the security service MI5 advertises for ordinary people to spy on
each other. These are normal now, along with the tracking of our
intimate lives and a system of secretive justice that imposes 18-hour
curfews on people who have not been charged with any crime and are
denied the “evidence." Hundreds of terrified Iraqi refugees
are sent back to the infinite dangers of the country “we” have destroyed.
Meanwhile, the cause of any real civil threat to Britons has been
identified and confirmed repeatedly by the intelligence services.
It is “our” continuing military presence in other people’s countries
and collusion with a Washington cabal described by the late Norman
Mailer as “pre-fascist."
a prime source of liberalism and most of our information, the unthinkable
has been normalized. The murderous chaos in Iraq is merely internecine.
Indeed, Bush’s “surge” is “working." The holocaust there has
nothing to do with “us." There are honorable exceptions, of
course, as there are in those great liberal storehouses of knowledge,
Britain’s universities; but they, too, are normalized and left to
natter about “failed states” and “crisis management” — when the
cause of the crisis is on their doorstep. As Professor Terry Eagleton
has pointed out, for the first time in two centuries almost no eminent
British poet, playwright or novelist is prepared to question the
foundations of western actions, let alone interrupt, as the critic
DJ Taylor once put it, all those “demure ironies and mannered perceptions,
their focus on the gyrations of a bunch of emotional poseurs …
to the reader infinitely reassuring … and infinitely useless."
Harold Pinter and Ronan Bennett are exceptions.
now a centralized single-ideology state, as secure in the grip of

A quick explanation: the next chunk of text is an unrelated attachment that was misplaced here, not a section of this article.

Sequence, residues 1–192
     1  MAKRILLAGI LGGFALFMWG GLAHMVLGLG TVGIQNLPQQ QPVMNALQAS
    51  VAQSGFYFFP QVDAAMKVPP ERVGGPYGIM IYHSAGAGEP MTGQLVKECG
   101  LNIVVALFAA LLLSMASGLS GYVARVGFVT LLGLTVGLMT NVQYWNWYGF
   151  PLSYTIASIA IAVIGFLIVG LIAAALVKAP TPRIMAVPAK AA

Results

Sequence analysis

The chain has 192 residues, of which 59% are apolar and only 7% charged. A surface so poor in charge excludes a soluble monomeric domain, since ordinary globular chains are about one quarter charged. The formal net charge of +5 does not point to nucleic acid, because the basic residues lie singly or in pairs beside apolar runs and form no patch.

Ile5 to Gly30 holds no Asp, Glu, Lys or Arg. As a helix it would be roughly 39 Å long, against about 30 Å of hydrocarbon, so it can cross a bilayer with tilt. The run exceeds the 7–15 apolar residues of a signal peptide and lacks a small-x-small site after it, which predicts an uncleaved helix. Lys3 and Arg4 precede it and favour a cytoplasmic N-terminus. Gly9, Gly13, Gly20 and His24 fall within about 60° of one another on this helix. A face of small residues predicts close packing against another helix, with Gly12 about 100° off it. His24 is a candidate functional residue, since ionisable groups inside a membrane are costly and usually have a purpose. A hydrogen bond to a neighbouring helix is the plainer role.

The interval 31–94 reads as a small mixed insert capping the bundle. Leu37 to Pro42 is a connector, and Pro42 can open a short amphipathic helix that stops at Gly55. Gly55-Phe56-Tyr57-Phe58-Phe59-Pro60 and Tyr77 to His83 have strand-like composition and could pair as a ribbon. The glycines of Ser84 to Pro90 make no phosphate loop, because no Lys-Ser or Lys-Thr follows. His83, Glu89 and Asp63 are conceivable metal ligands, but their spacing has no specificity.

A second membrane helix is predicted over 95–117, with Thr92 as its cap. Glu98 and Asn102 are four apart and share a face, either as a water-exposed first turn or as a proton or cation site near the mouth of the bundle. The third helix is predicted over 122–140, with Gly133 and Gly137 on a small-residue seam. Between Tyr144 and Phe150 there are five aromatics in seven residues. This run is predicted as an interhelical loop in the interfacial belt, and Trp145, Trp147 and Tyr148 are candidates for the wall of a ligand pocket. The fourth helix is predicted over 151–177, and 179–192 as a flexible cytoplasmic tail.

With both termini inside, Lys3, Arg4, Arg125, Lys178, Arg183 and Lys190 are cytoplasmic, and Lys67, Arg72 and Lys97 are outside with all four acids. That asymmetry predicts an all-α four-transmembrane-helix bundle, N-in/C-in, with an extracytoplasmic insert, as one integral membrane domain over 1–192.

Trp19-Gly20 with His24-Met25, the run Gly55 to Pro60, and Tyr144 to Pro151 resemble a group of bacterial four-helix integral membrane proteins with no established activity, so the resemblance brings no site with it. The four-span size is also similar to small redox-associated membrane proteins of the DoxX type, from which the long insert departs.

a superpower as any former eastern bloc country. The Whitehall executive
has prerogative powers as effective as politburo decrees. Unlike
Venezuela, critical issues such as the EU constitution or treaty
are denied a referendum, regardless of Blair’s “solemn pledge."
Thanks largely to a parliament in which a majority of the members
cannot bring themselves to denounce the crime in Iraq or even vote
for an inquiry, New Labor has added to the statutes a record 3,000
criminal offenses: an apparatus of control that undermines the Human
Rights Act. In 1977, at the height of the cold war, I interviewed
the Charter 77 dissidents in Czechoslovakia. They warned that complacency
and silence could destroy liberty and democracy as effectively as
tanks. “We’re actually better off than you in the west,” said a
writer, measuring his irony. “Unlike you, we have no illusions.”
those people who still celebrate the virtues and triumphs of liberalism
— antislavery, women’s suffrage, the defense of individual conscience
and the right to express it and act upon it — the time for direct
action is now. It is time to support those of courage who defy rotten
laws to read out in Parliament Square the names of the current,
mounting, war dead, and those who identify their government’s complicity
in “rendition” and its torture, and those who have followed the
paper and blood trail of Britain’s piratical arms companies. It
is time to support the National Health Service workers who up and
down the country are trying to alert us to the destruction of a
Labor government’s greatest achievement. The list of people stirring
is reassuring. The awakening of the rest of us is urgent.
Pilger was born and educated in Sydney, Australia. He has been
a war correspondent, filmmaker and playwright. Based in London,
he has written from many countries and has twice won British journalism’s
highest award, that of "Journalist of the Year," for his
work in Vietnam and Cambodia. His new book, Tell
Me No Lies: Investigative Journalism and Its Triumphs, is
published by Jonathan Cape in June.
John Pilger 2007